Quarantine, isolation, and social distance strategies have been used to contain COVID-19. For many, isolation is known as loneliness and loneliness for a person with Parkinson’s is an especially tough struggle.

Loneliness causes a feeling of emptiness, of being alone. Lonely people often yearn for human contact. Fulfilling human contact is somewhat hard to come by when met with an elbow bump, a face mask, a slight bow, or another means by which we greet one another or express farewells during this unsettling time.

The person living with Parkinson’s already feels distanced from others. They can feel ostracized and ashamed. They opt to stay inside because of symptoms and side effects like tremors, cognitive struggles, or speech problems. Staying inside can add fuel to the fire of loneliness and create a deeper pit in which they sit, engulfed by and surrounded in darkness. While some people take isolation as an opportunity to slow down, others fear the worst while sitting alone in their homes, dwelling on the negativity. Focusing on the what-ifs can trigger worsening Parkinson’s symptoms.

Instead of succumbing to the what-ifs, fill your mind with positivity. Begin by taking a break from social media, even if only for a day during this crazy time. Eat well, keep up your exercise regiment as much as able, get plenty of sleep, and don’t stop talking with other people, even if it is just a message here and there or a video chat.

What we allow ourselves to become depends on the choices we make. So, get out of the dark and get out into the sunshine for a walk. Turn off the television for an hour and listen to the birds sing. Read an inspiring book and share what you’ve learned with someone over the phone.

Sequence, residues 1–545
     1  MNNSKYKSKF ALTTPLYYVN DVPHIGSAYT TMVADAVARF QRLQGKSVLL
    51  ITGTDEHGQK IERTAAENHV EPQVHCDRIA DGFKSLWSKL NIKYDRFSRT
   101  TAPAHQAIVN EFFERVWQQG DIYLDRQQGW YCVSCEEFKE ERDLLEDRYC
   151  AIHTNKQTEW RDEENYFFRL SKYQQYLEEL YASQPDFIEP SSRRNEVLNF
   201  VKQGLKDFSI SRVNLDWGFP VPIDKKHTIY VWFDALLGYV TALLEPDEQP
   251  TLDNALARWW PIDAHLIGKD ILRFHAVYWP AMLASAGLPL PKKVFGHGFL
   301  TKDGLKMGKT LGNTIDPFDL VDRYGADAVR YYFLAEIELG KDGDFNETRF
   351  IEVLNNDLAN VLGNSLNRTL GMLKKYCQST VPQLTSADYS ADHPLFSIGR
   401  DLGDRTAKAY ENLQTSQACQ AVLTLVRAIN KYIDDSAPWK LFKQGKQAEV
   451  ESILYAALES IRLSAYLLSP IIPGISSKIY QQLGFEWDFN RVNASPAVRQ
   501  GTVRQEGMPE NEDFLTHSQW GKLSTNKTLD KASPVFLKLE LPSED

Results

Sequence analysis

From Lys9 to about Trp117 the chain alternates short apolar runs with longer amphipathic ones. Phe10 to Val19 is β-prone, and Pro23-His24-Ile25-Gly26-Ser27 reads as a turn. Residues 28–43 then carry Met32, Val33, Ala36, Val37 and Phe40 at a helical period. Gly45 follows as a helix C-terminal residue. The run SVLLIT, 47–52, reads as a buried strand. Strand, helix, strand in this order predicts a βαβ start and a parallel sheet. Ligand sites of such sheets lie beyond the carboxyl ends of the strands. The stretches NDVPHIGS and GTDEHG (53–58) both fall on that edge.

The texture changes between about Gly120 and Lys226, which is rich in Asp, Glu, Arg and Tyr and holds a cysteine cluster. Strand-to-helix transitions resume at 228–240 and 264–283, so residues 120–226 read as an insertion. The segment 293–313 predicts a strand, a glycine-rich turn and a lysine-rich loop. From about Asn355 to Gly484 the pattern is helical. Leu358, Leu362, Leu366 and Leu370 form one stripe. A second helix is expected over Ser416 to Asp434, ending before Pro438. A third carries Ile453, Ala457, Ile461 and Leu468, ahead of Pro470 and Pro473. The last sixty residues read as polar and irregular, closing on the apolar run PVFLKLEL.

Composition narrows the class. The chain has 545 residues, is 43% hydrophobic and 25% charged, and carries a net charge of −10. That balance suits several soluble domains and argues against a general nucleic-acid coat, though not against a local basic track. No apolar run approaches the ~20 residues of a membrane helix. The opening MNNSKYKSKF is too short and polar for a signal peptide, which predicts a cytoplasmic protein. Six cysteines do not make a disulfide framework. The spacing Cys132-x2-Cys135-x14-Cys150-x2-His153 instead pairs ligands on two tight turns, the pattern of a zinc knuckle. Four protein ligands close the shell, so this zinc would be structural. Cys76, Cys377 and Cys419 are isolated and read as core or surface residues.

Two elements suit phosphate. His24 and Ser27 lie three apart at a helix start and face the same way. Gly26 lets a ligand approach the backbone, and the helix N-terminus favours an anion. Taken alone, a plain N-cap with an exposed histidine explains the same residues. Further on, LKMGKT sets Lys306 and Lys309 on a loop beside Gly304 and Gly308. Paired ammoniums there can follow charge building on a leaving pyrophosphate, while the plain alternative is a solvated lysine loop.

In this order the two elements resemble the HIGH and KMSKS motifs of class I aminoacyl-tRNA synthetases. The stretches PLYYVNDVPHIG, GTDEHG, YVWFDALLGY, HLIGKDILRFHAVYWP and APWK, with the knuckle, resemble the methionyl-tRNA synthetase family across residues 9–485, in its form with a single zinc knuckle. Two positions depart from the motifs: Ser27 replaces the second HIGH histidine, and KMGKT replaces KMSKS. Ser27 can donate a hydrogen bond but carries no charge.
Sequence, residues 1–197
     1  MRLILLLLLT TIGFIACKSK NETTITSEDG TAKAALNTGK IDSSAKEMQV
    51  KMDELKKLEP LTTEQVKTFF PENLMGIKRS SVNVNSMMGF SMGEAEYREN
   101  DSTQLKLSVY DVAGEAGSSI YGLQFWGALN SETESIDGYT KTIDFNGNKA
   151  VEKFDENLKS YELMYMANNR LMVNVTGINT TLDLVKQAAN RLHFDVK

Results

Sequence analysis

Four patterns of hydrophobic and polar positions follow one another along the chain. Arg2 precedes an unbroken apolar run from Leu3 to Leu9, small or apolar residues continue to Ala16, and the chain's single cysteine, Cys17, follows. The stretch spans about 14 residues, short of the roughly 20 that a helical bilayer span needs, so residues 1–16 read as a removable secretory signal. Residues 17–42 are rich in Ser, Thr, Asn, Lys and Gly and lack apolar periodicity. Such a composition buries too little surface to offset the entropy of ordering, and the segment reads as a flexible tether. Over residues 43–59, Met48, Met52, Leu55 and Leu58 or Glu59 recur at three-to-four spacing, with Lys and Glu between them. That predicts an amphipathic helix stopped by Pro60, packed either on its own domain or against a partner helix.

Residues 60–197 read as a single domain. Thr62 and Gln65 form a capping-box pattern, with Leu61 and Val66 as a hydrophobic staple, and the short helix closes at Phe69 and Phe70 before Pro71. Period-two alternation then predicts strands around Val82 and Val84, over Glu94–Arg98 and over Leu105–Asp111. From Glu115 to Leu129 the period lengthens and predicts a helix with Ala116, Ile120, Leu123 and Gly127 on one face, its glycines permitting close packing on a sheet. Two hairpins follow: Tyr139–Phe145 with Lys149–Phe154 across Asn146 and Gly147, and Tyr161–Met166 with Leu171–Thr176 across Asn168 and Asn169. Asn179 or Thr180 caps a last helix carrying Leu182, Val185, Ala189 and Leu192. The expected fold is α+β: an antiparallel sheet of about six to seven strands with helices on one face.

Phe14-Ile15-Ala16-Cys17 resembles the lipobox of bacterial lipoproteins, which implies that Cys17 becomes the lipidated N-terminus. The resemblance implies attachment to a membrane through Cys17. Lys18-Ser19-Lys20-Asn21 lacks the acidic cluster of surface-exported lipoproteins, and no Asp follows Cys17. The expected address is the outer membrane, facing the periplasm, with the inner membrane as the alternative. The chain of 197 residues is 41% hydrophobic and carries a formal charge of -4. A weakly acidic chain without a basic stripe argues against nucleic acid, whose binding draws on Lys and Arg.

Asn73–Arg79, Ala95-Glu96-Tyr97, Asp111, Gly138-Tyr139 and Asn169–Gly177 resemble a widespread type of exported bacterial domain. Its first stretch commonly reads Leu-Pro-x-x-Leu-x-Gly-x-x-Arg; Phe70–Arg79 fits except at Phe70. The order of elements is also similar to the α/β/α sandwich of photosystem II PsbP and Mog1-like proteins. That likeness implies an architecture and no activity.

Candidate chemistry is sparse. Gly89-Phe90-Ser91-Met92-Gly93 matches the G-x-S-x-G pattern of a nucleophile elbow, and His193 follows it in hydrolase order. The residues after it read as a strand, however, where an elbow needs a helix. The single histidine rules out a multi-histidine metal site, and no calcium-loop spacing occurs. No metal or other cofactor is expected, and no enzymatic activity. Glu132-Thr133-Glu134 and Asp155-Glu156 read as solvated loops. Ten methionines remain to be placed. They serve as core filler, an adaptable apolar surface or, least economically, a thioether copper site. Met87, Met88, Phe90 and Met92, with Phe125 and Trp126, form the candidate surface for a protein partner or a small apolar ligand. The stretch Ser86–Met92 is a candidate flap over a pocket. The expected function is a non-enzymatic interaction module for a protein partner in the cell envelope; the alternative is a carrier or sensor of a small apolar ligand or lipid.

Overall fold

Let’s stop the spread of loneliness.


Note: Parkinson’s News Today is strictly a news and information website about the disease. It does not provide medical advice, diagnosis or treatment. This content is not intended to be a substitute for professional medical advice, diagnosis, or treatment. Always seek the advice of your physician or another qualified health provider with any questions you may have regarding a medical condition. Never disregard professional medical advice or delay in seeking it because of something you have read on this website. The opinions expressed in this column are not those of Parkinson’s News Today or its parent company, BioNews Services, and are intended to spark discussion about issues pertaining to Parkinson’s disease.

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Chia Seed Extract May Lower Inflammation in Brain, Study Finds

chia seeds and inflammation

Compounds extracted from chia seeds could lower the inflammatory activity of brain immune cells, a study suggests.

Although additional research is needed, these findings could have implications for patients with neurodegenerative diseases such as Parkinson’s.

The study, “Neuroprotective effect from Salvia hispanica peptide fractions on pro‐inflammatory modulation of HMC3 microglial cells,” was published in the Journal of Food Biochemistry.

Microglia are a type of brain cell that play important roles in nervous system immunity. While these cells are crucial for protecting the brain from infectious invaders, once over-activated, they can also help drive inflammation in the brain. This neuroinflammation is believed to contribute to numerous neurological conditions, including Parkinson’s disease.